| Quote #4
The line between colored and nigger was not always clear; subtle and telltale signs threatened to erode it, and the watch had to be constant. (2.5.14)
Geraldine teaches Junior how to examine other black people in order to separate the "good" ones from the "bad" ones. This method isn't foolproof, however.
| Quote #5
Never did he once consider directing his hatred toward the hunters. Such an emotion would have destroyed him. They were big, white, armed men. He was small, black, helpless. His subconscious knew what his conscious mind did not guess – that hating them would have consumed him, burned him up like a piece of soft coal. (3.6.61)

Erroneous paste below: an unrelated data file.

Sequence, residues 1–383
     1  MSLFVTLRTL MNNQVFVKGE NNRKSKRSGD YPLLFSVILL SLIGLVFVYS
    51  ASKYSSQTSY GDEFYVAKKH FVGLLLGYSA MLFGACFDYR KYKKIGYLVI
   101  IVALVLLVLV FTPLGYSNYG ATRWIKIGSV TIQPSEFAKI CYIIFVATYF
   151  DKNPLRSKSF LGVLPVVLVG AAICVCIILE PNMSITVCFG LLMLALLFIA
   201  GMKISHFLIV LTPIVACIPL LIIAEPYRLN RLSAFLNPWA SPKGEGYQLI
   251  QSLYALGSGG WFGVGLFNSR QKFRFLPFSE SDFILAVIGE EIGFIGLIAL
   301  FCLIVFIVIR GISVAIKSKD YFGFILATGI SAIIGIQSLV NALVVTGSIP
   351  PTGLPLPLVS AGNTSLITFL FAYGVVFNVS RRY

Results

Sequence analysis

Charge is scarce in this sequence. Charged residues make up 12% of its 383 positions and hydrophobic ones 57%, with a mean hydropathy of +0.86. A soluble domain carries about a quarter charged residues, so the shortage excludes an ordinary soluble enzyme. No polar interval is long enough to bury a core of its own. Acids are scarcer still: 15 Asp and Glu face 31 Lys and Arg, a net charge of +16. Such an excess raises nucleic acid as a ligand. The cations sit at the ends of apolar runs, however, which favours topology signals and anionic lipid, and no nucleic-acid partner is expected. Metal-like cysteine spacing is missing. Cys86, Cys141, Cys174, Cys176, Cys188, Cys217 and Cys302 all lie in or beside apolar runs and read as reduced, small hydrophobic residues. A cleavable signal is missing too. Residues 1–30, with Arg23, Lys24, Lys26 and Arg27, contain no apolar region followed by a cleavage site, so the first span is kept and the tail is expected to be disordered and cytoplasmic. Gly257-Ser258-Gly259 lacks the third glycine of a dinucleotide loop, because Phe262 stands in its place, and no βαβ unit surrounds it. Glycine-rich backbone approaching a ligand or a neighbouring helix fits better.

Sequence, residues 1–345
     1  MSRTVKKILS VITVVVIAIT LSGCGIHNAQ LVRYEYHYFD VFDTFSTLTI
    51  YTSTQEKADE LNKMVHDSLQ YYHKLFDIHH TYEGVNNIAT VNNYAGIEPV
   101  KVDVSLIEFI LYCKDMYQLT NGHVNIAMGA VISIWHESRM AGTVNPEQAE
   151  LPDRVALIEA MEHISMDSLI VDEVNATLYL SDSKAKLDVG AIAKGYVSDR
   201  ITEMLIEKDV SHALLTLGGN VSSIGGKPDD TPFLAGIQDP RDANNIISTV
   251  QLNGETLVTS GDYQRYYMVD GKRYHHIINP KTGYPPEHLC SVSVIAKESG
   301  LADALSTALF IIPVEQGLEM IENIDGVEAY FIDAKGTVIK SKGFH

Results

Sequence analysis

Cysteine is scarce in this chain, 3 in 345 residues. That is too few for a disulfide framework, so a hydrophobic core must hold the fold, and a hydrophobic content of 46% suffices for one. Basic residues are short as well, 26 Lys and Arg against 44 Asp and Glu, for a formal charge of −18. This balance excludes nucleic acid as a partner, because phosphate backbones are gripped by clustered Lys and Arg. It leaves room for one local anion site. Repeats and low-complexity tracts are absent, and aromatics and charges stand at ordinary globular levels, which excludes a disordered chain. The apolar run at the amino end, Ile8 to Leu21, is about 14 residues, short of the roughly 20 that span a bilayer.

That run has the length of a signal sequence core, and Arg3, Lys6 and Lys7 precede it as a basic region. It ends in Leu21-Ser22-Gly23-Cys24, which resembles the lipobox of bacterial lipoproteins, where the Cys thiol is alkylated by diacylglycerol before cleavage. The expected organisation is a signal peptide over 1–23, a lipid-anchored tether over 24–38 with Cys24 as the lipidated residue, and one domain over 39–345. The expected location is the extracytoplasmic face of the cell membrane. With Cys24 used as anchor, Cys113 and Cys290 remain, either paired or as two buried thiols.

Cholly is unable to hate the white men because hating them would have destroyed him, as they are socially and legally more powerful than him. Instead, he transfers his hate to the women in his life.
| Quote #6
His mother did not like him to play with niggers. She had explained to him the difference between colored people and niggers. They were easily identifiable. Colored people were neat and quiet; niggers were dirty and loud. (2.5.14)
Geraldine internalizes, and teaches, a racial hierarchy.